Think positive: And apply your lessons for others to yourself

Rabbi Douglas Zelden

By Rabbi Doug Zelden, Guest Torah Columnist

Torah Portion: Metzora (Leviticus 14:1-15:33)

Unlike the four special Sabbaths which have preceded this Shabbat, Shekalim, Zachor, Parah, and Hachodesh, on this Shabbat there is no special Maftir Torah Reading, and only one Torah scroll is taken out of the Ark. (Last week we read from Three Torah Scrolls – or did a lot of rolling.)

Here are some of the interesting reasons given for this Shabbat being called Shabbat Hagadol – The Great Shabbath:

Rabbi Yeshaya of Trani gives the following reason: When the Israelites were in Egypt, Moses succeeded in obtaining from Pharaoh a respite for them of one day a week from their work, the Shabbat. Each week, as soon as Shabbat was over, they were immediately plunged back into their wearisome toil. After this Shabbat, however, they did not return to slavery and therefore gave it the title “Hagadol.”

The “Mateh Moshe: gives this reason: Our special Sabbaths are named after significant words in the special  portions we read. The word “hagadol” is the penultimate word of today’s  Haftarah and also of all the prophecies in the Bible. The last word of the Haftarah is “norah” – terrible – which is obviously unsuitable as a title. Thus the Sages adopted the second last word “hagadol,” which aptly describes this Shabbat.

A third reason is that this Shabbat before Passover is one of the few times in European Jewish life that the Rabbi gave a long speech. It is called Hagadol, because in speaking about Passover, there are more laws to review than all the other holidays in the Torah combined. Thus this is the Great Sabbath.

Now let me share something about this week’s Torah Portion, Metzorah.
In the times of the Bet HaMikdash (Holy Temple) there was a spiritual affliction known as Tzara’at (commonly called leprosy). It manifested itself on a person’s home, clothing, and body.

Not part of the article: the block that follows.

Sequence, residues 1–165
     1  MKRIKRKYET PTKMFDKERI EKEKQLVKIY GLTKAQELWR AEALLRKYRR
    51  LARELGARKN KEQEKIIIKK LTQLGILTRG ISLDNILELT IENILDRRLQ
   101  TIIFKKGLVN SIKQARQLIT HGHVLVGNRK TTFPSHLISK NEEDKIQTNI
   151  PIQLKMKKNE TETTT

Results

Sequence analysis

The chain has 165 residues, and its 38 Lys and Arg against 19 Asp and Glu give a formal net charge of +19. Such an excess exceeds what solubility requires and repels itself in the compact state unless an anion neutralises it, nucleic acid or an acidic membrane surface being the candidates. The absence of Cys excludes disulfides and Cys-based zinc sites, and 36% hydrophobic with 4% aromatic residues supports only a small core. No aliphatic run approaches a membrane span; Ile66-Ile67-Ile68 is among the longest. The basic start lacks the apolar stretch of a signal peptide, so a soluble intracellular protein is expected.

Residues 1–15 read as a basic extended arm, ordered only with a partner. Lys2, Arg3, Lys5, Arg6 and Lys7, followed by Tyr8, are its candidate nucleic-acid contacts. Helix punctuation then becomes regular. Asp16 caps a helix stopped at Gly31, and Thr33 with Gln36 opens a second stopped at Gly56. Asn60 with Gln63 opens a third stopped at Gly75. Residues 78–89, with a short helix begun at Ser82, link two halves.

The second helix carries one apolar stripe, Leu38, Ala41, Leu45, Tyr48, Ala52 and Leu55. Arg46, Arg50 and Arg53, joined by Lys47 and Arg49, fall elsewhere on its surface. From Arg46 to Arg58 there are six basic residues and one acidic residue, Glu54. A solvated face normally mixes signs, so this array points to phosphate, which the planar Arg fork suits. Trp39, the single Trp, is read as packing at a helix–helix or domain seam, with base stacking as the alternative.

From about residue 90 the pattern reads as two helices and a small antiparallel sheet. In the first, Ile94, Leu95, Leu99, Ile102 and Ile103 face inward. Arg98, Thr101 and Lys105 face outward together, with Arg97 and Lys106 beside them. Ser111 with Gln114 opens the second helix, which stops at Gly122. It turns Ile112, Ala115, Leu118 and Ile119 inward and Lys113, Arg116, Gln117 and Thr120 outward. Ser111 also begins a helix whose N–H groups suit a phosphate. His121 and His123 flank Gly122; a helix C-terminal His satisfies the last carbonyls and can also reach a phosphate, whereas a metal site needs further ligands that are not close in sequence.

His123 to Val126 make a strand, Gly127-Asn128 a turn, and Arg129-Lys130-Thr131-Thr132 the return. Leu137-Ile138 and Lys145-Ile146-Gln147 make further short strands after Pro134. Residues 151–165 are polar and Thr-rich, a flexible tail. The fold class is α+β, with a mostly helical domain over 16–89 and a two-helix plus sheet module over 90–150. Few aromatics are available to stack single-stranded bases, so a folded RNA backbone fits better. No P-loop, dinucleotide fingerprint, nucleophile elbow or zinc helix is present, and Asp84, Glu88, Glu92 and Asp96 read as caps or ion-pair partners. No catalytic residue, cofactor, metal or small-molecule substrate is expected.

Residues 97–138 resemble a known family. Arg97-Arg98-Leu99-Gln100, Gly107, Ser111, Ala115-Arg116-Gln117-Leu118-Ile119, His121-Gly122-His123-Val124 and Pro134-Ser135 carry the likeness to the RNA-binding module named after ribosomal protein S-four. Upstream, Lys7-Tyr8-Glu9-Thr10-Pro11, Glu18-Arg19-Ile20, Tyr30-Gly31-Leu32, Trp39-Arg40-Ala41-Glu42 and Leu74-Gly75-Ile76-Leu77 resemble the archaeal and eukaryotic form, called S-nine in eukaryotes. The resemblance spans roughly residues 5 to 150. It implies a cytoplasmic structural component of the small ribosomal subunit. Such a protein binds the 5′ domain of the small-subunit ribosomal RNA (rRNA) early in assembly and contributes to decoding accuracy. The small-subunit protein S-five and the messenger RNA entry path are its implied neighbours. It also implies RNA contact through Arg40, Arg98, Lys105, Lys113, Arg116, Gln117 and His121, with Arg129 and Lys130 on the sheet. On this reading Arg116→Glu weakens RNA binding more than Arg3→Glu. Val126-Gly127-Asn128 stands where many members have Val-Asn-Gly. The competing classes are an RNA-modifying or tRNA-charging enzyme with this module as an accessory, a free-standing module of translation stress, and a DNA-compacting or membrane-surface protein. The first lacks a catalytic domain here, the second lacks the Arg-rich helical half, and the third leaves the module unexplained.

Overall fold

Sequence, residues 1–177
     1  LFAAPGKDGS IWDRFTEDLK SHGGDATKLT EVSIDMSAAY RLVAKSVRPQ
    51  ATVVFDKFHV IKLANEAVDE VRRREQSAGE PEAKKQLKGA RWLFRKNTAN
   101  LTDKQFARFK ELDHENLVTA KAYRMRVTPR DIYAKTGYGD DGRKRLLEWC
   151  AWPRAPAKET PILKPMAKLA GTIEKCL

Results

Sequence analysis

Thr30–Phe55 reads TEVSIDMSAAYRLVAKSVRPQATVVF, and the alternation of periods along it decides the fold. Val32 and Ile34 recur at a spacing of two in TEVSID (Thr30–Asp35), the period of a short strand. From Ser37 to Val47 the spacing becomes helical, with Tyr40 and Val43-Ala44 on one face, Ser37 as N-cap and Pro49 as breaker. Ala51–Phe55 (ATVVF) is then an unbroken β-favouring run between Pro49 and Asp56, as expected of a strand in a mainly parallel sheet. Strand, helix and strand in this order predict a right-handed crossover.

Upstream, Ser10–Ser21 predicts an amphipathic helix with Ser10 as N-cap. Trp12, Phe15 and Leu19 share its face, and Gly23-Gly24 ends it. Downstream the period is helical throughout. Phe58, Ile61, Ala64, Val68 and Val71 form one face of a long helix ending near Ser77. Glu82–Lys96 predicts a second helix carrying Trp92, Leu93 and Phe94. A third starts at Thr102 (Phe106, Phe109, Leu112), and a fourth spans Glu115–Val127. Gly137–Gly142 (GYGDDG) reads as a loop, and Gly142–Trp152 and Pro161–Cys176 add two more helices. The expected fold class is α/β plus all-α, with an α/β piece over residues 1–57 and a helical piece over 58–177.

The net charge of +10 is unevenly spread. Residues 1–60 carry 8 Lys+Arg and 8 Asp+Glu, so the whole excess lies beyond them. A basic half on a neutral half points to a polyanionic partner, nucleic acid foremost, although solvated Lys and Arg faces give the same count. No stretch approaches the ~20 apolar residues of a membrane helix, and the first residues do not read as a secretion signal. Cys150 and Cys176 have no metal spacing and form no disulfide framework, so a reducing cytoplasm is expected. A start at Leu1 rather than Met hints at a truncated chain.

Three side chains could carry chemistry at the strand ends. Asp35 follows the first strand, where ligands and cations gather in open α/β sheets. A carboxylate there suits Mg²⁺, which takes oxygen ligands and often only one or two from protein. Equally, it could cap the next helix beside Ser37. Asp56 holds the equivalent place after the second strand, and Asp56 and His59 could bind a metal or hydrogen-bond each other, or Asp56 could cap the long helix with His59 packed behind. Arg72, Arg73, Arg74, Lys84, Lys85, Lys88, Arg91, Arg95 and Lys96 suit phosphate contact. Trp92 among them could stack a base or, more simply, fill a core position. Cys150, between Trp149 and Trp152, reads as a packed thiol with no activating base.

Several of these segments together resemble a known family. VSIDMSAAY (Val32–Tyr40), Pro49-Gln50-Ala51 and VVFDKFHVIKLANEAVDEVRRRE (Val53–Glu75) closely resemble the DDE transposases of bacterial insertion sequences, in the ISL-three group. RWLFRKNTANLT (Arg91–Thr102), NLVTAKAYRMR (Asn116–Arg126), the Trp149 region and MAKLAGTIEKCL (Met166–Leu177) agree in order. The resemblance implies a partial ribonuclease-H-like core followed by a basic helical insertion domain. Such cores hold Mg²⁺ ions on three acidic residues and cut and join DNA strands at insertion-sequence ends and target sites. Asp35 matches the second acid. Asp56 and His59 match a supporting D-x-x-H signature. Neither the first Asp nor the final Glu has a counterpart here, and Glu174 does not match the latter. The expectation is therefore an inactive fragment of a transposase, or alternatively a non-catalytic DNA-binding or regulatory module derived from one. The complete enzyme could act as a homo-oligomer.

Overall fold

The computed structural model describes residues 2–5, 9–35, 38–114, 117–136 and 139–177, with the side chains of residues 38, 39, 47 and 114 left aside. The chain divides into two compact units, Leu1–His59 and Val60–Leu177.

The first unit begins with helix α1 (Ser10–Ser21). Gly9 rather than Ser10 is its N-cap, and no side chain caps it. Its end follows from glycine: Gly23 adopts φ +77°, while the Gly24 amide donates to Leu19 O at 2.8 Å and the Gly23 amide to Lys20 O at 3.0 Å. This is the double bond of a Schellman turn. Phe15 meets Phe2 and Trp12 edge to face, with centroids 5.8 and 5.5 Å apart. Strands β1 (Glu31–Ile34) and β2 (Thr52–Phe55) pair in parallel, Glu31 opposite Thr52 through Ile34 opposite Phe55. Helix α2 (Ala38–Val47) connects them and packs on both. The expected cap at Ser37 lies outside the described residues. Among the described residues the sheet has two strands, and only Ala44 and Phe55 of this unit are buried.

A person, who suspected that he or his property might be affected, called the Kohen (priestly descendant of Aaron, the brother of Moses) to inspect the suspect areas and to make a determination.

There is a Jewish legend in the Midrash that tells of a very poor Kohen who decided to leave the land of Israel to go elsewhere in order to earn a decent living. He began teaching his wife the laws of Tzara’at so that she could substitute for him in his absence. “The appearance of the hairs is crucial to proper determination.” Said the Kohen to his wife. “Each hair has its own follicle which nurtures its growth. If the hair has dried up know its source underneath the skin has spoiled.”

“If every single hair is nurtured individually by G-d certainly he would provide for every human being” commented his wife.  The Kohen changed his plans and did not move.

The question is what persuaded him to change his mind? He certainly 

already knew and believed what she told him!  We can truly understand a concept and even teach it to others, yet fail to apply the principal to our own lives. The Kohen knew that Hashem (G-d) provides for all but did not properly focus on the idea, nor did he relate the concept to the reality of his own life.  Once his wife had crystallized the idea into a practical application regarding his life he decided not to move or travel to earn a livelihood.

How pleasant life would be if we never shared a negative comment and never heard others do so. In order to improve and grow we must develop a daily routine that includes study of ethics and personality development! The constant repetition will create an incredible impression on us and help us achieve our life goals of character development and spiritual perfection.

Rabbi Doug Zelden is Rabbi of Congregation Or Menorah in Chicago, chaplain for Home Bound Healthcare,  and host of the weekly T.V. show “Taped With Rabbi Doug” (www.tvrabbi.com).

Be the first to comment on "Think positive: And apply your lessons for others to yourself"

Leave a comment

Your email address will not be published.


*